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A First Look at Azure Image Builder

From a devops perspective, the utopia is to have a fully automated deployment that covers all the required infrastructure and the application itself. There is a class of software (to use the term broadly) that falls in the middle of those two concerns that I like to term application infrastructure. A basic example here would be web servers and it’s associated configuration. It’s neither infrastructure (in the traditional sense, from an IaaS perspective anyways) or application code.

Different solutions have emerged to solve the application infrastructure problem. In certain programming languages, such as ruby or node, you actually include/download your web server as part of your application deployment. The puma gem, for example, is installed prior to run. Applications built in .NET typically need a webserver (such as IIS) to already be installed, although that has drastically changed with core.

In my day-to-day right now, I deal a lot with Azure Data Factory and self-hosted integration runtimes. On my runtimes I need various components installed/configured such as JDKs and ODBC connections. The Azure Data Factory platform doesn’t provide a way to lazy load these dependencies at run time, so I need to make these available at build time of the server. Ideally I want to control what software is running on these machines, their configuration, and follow some type of devops/automation process for creation. Further, in the event of rapid scaling requirements, I want to be able to deploy fully configured machines at scale.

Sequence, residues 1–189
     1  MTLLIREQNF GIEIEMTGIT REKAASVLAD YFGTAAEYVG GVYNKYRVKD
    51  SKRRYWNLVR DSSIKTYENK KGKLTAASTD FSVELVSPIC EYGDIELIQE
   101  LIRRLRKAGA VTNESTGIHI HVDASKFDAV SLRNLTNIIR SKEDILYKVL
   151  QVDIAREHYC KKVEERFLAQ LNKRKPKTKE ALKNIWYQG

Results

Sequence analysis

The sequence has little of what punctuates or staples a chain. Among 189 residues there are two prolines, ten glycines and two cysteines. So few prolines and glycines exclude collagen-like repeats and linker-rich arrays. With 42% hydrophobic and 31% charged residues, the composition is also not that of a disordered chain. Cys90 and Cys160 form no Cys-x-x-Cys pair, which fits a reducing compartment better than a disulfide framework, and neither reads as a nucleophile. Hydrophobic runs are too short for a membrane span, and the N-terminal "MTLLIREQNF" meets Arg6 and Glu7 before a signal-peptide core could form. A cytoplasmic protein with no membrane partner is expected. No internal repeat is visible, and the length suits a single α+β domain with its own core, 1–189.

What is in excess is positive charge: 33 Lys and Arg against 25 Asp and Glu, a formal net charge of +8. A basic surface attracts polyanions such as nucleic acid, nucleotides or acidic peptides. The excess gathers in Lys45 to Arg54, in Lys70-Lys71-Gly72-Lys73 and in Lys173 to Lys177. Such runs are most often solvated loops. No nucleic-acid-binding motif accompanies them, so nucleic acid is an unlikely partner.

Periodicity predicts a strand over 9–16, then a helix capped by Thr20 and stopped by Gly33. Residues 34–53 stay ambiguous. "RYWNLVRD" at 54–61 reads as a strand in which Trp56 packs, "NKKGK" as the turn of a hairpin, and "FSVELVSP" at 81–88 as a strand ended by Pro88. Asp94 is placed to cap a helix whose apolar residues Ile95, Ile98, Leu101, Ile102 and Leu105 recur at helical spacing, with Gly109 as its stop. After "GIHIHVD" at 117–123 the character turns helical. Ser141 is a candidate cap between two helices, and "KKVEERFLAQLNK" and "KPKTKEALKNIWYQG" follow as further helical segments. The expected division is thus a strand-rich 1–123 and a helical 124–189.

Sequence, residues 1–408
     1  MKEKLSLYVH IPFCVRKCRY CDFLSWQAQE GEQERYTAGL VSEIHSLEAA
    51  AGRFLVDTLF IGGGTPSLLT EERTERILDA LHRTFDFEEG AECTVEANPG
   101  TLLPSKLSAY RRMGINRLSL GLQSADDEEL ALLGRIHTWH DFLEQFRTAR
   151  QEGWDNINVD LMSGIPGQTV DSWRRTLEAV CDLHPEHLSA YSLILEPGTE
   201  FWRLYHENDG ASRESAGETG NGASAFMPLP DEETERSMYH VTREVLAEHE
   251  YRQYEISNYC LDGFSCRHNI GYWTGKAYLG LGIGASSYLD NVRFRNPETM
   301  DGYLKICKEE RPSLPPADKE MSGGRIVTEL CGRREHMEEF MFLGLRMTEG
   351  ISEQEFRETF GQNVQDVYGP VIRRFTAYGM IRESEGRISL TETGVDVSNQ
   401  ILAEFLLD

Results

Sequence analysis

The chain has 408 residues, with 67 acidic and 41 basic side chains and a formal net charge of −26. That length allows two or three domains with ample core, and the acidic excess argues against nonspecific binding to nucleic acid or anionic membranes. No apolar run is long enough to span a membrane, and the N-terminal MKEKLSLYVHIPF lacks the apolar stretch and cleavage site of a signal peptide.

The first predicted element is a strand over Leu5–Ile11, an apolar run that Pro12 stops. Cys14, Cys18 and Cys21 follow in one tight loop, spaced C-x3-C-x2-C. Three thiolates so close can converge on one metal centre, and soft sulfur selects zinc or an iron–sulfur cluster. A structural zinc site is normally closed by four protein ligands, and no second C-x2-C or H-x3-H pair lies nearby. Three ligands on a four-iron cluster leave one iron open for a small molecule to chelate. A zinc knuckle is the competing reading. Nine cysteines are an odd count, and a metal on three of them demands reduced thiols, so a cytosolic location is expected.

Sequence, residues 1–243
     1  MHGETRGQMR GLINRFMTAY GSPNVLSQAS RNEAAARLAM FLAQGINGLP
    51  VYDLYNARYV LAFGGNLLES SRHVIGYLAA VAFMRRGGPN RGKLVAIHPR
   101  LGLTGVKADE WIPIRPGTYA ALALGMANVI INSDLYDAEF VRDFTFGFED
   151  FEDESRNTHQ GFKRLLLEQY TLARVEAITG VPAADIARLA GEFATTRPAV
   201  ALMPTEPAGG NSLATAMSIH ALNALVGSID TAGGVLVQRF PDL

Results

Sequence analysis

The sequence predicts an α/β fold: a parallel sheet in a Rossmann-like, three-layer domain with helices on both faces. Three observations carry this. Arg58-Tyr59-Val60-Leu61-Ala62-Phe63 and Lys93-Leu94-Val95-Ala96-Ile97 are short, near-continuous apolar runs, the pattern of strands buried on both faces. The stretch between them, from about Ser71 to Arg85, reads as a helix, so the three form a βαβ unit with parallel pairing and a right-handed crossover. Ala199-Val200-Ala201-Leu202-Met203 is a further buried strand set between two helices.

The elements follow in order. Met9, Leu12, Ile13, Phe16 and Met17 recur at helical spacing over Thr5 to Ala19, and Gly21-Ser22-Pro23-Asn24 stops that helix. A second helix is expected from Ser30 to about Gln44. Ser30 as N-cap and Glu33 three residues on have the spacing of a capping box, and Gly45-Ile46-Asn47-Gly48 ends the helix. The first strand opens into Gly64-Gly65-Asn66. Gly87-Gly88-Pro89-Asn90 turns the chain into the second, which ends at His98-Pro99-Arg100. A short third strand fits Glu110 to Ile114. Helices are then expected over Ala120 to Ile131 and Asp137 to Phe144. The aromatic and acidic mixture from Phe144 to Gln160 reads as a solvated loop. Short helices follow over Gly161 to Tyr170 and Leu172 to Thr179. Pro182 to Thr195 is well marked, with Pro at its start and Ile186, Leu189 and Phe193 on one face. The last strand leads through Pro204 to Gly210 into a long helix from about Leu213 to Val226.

This is a problem area that Azure Image Builder, currently in preview, is trying to solve.

How It Works

As per the docs, Azure Image Builder is a fully managed Azure service that takes in an ARM template configuration and translates that into a consumable image for building VMs. A couple of core points:

  1. Images sources can be outputs of previous Azure Image Builder steps, allowing you to layer your configurations in interesting ways. For example, your infrastructure team could create a gold image for the operating system, which your application teams could then use and further customize
  2. The service integrates with shared image gallery, allowing you to centralize your VM image creation processes but still make them available to your entire organization
  3. There is a preview devops task for integrating this process into your build/release pipelines

Customizers

Customizers are where all the action occurs. Effectively, they are steps that are run in the order specified in the template that should result in a configured VM. There isn’t a ton of fancy features here, effectively you have a customizer to download files, run scripts (bash or powershell), execute restarts, and configure windows updates. A couple of notes:

  1. You can run scripts either inline or via downloading from an Azure storage Account (or github). There is a pattern where you can use a user-assigned Managed Service Identity (MSI) to access your storage accounts, thus not having to make your storage accounts public. See this link.
  2. You will want to specify SHA hash-sums for all downloaded content to verify it’s integrity.

Getting Started

As this is a preview feature, not all the functionality is available directly in the portal. You can examine various getting started resources in this github repository.

Conclusion

My initial thoughts are that the Azure Image Builder service offers a good solution to the problem of application infrastructure on VMs. I like the idea of this occurring at build time rather than deployment time like other solutions such as the ScriptExtention or Desired State Configuration. The integration with Shared Image Gallery is also interesting for both corporate IT teams and for cloud service providers (CSPs) managing multiple customers.

 

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